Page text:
Apulian Bell Krater


Apulian Bell Krater

An ancient Apulian Greek small bell krater decorated in applied red, white, and gold with a bawdy theatrical scene of two actors of grotesque appearances: the male figure, dressed in a red kilt, standing on a stage indicated by a dotted line carrying another male figure dressed as a nude female on his shoulders, with two open windows in the background, surrounded by olive branches and a decorative top border.

Apulia, Magna Graecia, South Eastern Italy.
Ca. 350 - 300 BC.
Height: 7 5/8 in. (19.3 cm).

The output and quality of the Greek colonial potters working in Apulia increased greatly following the Peloponnesian War when Attic exports fell off sharply. Apulian craftsmanship is an amalgamation of the Ionian (Athenian, Attic) conventions, and Doric (Western colonial Greek) styles, with a noticeable native Italian aesthetic.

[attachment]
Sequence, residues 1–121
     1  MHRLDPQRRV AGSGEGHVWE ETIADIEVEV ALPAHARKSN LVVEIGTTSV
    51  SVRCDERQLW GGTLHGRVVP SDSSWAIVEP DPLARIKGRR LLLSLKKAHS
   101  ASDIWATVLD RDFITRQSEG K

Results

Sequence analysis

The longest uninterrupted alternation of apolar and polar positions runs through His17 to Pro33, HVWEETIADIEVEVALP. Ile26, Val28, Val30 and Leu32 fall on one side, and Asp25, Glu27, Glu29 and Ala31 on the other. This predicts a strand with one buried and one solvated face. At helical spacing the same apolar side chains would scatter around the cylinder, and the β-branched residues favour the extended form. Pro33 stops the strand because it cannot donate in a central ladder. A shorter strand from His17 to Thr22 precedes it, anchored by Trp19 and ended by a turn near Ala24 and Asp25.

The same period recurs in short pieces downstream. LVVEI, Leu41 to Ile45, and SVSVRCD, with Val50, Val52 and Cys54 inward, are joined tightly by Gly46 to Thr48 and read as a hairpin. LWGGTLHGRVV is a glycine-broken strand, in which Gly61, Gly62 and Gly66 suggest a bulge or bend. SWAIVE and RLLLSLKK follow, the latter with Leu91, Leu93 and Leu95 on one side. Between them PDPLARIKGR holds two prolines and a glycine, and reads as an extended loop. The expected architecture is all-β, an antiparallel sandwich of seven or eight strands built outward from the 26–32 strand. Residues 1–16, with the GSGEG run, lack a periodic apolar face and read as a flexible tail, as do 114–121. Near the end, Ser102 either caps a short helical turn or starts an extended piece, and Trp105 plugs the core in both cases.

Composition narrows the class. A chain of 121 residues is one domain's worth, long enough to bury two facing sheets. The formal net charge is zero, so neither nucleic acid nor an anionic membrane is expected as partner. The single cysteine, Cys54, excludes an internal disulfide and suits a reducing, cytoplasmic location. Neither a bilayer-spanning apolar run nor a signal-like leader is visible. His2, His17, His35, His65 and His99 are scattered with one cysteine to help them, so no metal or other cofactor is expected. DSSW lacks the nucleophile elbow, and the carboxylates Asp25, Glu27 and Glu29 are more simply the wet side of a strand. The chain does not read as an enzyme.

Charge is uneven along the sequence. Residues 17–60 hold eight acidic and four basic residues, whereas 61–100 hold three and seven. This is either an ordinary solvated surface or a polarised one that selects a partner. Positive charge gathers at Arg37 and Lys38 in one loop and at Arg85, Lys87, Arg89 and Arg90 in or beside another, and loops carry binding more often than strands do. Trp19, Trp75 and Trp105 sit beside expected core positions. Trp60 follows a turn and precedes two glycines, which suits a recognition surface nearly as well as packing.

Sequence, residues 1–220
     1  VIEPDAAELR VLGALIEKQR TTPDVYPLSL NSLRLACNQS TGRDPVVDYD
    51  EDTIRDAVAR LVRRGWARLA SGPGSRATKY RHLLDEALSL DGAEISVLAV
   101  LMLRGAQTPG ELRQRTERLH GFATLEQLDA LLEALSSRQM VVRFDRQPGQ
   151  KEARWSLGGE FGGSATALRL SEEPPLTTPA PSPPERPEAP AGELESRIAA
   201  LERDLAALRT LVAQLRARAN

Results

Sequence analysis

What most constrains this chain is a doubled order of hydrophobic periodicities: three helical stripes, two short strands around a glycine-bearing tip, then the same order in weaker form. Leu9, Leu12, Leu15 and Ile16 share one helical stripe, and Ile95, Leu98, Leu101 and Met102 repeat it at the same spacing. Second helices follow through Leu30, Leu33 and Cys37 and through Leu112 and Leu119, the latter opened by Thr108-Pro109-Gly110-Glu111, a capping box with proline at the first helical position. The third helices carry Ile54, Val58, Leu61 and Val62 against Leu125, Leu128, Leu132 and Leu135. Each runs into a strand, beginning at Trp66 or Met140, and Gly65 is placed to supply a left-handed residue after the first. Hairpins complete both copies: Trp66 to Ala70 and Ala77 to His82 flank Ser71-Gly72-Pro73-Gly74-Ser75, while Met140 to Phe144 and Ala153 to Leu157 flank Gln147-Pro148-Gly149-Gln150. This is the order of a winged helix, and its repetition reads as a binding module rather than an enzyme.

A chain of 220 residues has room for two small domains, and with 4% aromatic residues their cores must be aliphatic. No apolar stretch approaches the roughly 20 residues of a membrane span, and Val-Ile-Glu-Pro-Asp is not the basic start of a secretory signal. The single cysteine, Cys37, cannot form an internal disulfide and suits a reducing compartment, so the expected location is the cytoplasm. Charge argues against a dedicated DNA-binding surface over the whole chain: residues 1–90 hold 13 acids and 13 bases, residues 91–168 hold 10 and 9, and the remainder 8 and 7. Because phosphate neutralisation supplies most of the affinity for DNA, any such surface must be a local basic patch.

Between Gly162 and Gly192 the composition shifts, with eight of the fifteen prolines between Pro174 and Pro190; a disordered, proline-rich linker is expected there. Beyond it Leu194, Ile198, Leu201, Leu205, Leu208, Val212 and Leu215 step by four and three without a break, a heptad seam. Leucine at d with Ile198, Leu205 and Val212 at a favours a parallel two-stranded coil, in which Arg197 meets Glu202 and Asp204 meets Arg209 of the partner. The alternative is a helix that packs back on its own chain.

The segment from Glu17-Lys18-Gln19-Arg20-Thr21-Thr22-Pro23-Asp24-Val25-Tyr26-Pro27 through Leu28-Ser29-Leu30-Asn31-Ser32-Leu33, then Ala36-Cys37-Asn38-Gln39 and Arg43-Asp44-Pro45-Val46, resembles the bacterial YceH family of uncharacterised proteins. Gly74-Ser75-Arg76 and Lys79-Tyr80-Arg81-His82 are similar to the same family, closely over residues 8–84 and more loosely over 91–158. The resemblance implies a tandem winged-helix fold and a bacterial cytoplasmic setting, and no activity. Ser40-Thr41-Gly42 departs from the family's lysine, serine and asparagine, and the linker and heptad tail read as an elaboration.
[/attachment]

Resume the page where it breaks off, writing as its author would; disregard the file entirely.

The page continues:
Formerly in an American private collection.

Inv#: 8811


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